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Author: Mojav3 Development Group

Religious Studies

29th Sunday in Ordinary Time

Mark 10:35-45

James and John, the sons of Zebedee, came to Jesus and said to him,
“Teacher, we want you to do for us whatever we ask of you.”
He replied, “What do you wish me to do for you?”
They answered him, “Grant that in your glory
we may sit one at your right and the other at your left.”
Jesus said to them, “You do not know what you are asking.
Can you drink the cup that I drink
or be baptized with the baptism with which I am baptized?”
They said to him, “We can.”
Jesus said to them, “The cup that I drink, you will drink,
and with the baptism with which I am baptized, you will be baptized;
but to sit at my right or at my left is not mine to give
but is for those for whom it has been prepared.”
When the ten heard this, they became indignant at James and John.
Jesus summoned them and said to them,
“You know that those who are recognized as rulers over the Gentiles
lord it over them,
and their great ones make their authority over them felt.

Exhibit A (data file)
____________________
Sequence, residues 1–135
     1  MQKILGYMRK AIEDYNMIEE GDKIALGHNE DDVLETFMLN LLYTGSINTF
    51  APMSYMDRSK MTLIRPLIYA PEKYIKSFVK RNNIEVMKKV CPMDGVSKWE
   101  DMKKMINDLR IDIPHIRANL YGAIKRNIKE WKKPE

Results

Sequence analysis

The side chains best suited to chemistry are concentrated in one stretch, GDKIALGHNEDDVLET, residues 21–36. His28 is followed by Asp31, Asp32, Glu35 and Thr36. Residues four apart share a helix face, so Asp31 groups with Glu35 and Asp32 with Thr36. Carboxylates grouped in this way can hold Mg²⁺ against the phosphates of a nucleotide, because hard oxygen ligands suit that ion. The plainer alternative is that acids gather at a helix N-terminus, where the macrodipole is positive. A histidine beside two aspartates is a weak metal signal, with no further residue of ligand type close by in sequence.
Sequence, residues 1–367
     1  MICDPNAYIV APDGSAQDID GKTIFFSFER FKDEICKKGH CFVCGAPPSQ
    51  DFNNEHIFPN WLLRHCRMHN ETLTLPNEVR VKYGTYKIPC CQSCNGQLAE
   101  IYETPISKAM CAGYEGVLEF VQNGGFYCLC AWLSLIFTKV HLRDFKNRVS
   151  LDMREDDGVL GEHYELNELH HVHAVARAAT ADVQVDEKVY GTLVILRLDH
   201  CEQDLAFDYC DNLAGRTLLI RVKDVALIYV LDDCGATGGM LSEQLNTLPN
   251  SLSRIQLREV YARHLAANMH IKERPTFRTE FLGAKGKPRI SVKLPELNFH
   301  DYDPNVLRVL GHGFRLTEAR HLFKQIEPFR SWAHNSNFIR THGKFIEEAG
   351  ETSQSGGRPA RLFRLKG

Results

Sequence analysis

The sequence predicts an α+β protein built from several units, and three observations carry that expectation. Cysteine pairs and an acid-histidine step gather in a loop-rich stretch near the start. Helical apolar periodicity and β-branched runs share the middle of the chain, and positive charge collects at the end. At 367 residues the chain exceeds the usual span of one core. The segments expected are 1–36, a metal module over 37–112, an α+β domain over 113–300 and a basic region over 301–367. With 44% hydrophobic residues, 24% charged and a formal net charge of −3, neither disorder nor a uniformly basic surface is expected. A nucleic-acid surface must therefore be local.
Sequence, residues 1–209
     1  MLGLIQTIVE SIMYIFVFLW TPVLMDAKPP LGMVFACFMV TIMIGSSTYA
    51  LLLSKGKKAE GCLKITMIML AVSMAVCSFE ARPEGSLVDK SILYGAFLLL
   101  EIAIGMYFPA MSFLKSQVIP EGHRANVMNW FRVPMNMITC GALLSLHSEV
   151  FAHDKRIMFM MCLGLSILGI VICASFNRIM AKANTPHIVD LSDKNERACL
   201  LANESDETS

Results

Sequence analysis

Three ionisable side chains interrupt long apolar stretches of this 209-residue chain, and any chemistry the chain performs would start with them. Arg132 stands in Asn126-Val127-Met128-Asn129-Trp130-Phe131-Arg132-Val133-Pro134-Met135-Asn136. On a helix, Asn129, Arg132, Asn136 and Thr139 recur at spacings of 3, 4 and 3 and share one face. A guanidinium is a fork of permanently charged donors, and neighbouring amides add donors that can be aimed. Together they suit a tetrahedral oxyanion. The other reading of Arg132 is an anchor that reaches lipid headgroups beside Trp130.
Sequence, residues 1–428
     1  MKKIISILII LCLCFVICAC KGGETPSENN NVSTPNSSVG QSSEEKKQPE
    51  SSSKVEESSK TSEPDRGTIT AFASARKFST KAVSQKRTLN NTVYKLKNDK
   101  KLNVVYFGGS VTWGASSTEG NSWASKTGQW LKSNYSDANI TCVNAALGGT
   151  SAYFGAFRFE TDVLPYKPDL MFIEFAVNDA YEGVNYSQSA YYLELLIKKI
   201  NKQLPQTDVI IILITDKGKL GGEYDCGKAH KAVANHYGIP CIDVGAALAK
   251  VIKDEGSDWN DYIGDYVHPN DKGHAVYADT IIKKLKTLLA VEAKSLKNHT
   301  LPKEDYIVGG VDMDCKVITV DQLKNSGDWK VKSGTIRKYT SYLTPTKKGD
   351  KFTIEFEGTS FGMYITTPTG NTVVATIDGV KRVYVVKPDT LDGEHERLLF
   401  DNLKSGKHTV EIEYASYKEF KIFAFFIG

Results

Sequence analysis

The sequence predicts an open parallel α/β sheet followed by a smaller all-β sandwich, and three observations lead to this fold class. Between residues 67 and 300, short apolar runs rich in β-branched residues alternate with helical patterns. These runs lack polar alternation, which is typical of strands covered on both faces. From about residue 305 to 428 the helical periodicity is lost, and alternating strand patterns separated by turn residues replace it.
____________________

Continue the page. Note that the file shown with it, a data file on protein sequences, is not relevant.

But it shall not be so among you.
Rather, whoever wishes to be great among you will be your servant;
whoever wishes to be first among you will be the slave of all.
For the Son of Man did not come to be served
but to serve and to give his life as a ransom for many.”

Summary:

James and John go to Jesus and tell Jesus they want him to do whatever they ask. James and John tell Jesus they want to sit at the right and left of him in glory. Jesus tells James and John that they don’t know what they are asking, and he could not grant that wish because it “is not mine to give but for those whom it has been prepared.” The other disciples became indignant at James and John’s request. Jesus then compared gentile rulers to the disciples and told them while gentile rulers “make their authority […] felt” Jesus’s followers who wished to be great would be the biggest servants. Jesus then said, “for the Son of Man did not come to be served but to serve and give his life as a ransom for many.”

Ideas and thoughts:

Jesus question, “Can you drink the cup that I drink or be baptized with the baptism with which I am baptized?”